The British Antarctica Survey (BAS) traces its roots to post World War II and was officially formed in 1962 and headquartered in Cambridge, U.K. The BAS has five permanent bases in the British Antarctic Territory and two bases in South Georgia. BAS headquarters supplies office, equipment, scientific labs and research materials for scientific inquiry into the natural resources and geography of the Antarctic.
Albatross camera reveals fascinating feeding interaction with killer whale
Scientists from British Antarctic Survey, National Institute of Polar Research, Tokyo, and Hokkaido University, Japan, have recorded the first observations of how albatrosses feed alongside marine mammals at sea.
Age matters when it comes to adapting to the effects of climate change
A new study of Antarctic clams reveals that age matters when it comes to adapting to the effects of climate change. The research provides new insight and understanding of the likely impact of predicted environmental change ...
Antarctic krill help to fertilize Southern Ocean with iron
A new discovery reveals that the shrimp-like creature at the heart of the Antarctic food chain could play a key role in fertilising the Southern Ocean with iron stimulating the growth of phytoplankton (microscopic ...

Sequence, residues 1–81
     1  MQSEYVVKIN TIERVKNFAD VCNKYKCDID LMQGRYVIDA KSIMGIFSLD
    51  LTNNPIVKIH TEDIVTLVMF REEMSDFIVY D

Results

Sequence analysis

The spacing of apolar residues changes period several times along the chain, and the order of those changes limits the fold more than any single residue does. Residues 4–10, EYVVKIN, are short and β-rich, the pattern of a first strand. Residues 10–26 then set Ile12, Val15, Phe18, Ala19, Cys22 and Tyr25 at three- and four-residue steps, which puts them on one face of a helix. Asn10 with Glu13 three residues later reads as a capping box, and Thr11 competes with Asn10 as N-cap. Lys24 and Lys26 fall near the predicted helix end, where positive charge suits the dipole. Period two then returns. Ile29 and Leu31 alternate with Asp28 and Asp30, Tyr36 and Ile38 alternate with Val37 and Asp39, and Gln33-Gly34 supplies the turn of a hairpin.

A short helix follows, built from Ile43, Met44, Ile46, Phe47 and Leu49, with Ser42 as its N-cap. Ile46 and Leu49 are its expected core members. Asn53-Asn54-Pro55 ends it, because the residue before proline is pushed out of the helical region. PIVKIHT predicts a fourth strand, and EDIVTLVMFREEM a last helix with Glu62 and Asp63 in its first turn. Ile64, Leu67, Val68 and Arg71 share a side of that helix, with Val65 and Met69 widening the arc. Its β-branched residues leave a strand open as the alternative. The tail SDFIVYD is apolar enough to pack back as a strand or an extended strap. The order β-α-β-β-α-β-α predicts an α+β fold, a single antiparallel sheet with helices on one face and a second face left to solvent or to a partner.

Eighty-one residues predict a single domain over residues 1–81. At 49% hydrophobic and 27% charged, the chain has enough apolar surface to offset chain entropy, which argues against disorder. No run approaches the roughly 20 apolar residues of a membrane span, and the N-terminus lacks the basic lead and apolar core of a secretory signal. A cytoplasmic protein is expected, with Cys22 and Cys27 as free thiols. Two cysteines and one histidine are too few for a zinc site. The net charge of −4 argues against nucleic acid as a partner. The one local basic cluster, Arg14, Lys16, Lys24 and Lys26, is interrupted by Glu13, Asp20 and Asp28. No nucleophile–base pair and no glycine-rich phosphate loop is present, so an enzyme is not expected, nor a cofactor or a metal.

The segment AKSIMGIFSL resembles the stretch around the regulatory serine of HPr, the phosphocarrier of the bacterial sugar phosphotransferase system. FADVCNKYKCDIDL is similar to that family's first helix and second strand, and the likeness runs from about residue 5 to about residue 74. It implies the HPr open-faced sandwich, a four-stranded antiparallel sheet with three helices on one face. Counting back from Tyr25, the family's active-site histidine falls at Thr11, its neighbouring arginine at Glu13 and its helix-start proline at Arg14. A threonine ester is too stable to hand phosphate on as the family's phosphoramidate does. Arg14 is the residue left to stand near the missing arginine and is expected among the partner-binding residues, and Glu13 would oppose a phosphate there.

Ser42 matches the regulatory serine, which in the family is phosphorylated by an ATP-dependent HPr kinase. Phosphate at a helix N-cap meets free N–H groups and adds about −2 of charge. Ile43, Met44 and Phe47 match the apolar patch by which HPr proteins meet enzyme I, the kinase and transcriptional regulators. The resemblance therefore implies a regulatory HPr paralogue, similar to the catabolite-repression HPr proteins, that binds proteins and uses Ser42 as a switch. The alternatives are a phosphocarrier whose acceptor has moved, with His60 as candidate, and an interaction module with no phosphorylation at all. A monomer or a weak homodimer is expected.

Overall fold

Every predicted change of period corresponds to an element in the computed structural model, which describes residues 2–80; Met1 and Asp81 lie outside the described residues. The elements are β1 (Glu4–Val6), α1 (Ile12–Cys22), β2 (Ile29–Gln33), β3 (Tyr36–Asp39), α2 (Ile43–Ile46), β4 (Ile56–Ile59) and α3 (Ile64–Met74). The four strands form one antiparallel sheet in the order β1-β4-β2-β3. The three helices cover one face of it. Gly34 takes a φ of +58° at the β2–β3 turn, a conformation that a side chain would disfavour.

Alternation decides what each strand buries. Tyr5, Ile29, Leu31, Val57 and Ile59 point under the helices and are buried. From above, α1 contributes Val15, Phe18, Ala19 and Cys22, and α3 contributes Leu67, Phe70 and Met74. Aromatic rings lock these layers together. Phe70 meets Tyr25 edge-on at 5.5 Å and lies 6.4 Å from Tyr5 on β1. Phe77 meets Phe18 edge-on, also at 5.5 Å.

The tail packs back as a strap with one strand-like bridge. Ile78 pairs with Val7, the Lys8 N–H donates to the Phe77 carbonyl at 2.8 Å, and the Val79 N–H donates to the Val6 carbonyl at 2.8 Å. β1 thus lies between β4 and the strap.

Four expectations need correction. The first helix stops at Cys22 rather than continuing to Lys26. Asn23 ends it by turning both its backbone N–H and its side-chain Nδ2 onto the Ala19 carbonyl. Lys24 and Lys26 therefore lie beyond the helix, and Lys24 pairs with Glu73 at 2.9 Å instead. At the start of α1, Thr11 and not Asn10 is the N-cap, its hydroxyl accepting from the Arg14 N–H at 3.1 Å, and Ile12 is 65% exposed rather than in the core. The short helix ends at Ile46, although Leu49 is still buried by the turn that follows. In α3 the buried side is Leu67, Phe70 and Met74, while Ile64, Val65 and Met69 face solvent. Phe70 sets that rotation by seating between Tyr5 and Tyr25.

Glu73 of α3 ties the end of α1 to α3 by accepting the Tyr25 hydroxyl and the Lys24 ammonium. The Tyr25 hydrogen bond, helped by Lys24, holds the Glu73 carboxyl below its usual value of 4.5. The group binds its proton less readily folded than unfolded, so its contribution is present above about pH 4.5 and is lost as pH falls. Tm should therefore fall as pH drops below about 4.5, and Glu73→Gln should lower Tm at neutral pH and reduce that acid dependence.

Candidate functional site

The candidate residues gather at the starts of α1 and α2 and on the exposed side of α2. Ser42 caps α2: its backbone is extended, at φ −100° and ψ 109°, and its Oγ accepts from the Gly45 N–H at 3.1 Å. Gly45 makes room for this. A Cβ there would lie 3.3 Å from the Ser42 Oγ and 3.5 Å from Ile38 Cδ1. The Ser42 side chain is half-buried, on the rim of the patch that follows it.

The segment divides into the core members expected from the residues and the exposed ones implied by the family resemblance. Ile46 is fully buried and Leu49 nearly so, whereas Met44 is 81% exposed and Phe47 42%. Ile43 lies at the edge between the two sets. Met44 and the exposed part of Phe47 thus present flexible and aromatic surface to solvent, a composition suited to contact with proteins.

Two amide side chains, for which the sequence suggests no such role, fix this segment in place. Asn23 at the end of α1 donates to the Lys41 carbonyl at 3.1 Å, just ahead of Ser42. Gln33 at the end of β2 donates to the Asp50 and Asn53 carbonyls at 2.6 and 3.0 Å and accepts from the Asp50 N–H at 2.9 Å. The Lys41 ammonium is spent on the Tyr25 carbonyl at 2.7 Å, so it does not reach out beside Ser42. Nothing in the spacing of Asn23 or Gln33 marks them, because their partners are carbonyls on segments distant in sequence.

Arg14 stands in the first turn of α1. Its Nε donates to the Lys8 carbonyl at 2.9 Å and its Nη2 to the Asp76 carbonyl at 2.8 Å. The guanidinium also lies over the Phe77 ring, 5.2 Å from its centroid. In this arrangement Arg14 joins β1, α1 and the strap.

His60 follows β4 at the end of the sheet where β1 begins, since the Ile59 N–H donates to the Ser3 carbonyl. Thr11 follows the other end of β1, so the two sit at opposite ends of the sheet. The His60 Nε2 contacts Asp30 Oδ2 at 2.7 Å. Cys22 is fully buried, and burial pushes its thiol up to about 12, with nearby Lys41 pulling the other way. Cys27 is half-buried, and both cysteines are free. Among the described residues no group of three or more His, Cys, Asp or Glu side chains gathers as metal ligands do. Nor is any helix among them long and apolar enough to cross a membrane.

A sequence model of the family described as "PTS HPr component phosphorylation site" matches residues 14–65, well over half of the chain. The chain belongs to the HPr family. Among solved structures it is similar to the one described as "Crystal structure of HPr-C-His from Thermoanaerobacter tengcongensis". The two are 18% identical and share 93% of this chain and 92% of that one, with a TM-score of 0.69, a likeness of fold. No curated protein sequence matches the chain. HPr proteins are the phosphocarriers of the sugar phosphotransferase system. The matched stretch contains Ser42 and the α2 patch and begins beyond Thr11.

Bedmap2 gives scientists a more detailed view of Antarctica's landmass
Scientists at the British Antarctic Survey have been working with a host of international collaborators to present the most detailed map yet of Antarctica's landmass. Bedmap2 reveals a landscape of mountain ranges and plains ...
Summer melt season is getting longer on the Antarctic Peninsula, research shows
New research from the Antarctic Peninsula shows that the summer melt season has been getting longer over the last 60 years. Increased summer melting has been linked to the rapid break-up of ice shelves in the area and rising ...
New discovery -- copepods share 'diver's weight belt' technique with whales
A deep-sea mystery has been solved with the discovery that the tiny 3 mm long marine animals, eaten by herring, cod and mackerel, use the same buoyancy control as whales.
British Antarctic survey field season is underway
On the eve of the centenary year of Ernest Shackleton's Endurance Expedition the ship which bears his name is playing a crucial role in the 2013/2014 British Antarctic Survey (BAS) field season.
New Antarctic geological timeline aids future sea-level predictions
Radiocarbon dates of tiny fossilised marine animals found in Antarctica's seabed sediments offer new clues about the recent rapid ice loss from the West Antarctic Ice Sheet and help scientists make better predictions about ...
Mapping project to unlock secrets of climate change and ancient supercontinents.
For the first time scientists have begun mapping one of the "last frontiers" of Antarctica.
Saving the best for last: Wandering albatrosses' last push for successful parenting
Romanticised in poetry, the wandering albatross is famed for its enormous wing-span and long life. The bird can often live to 50 years and beyond.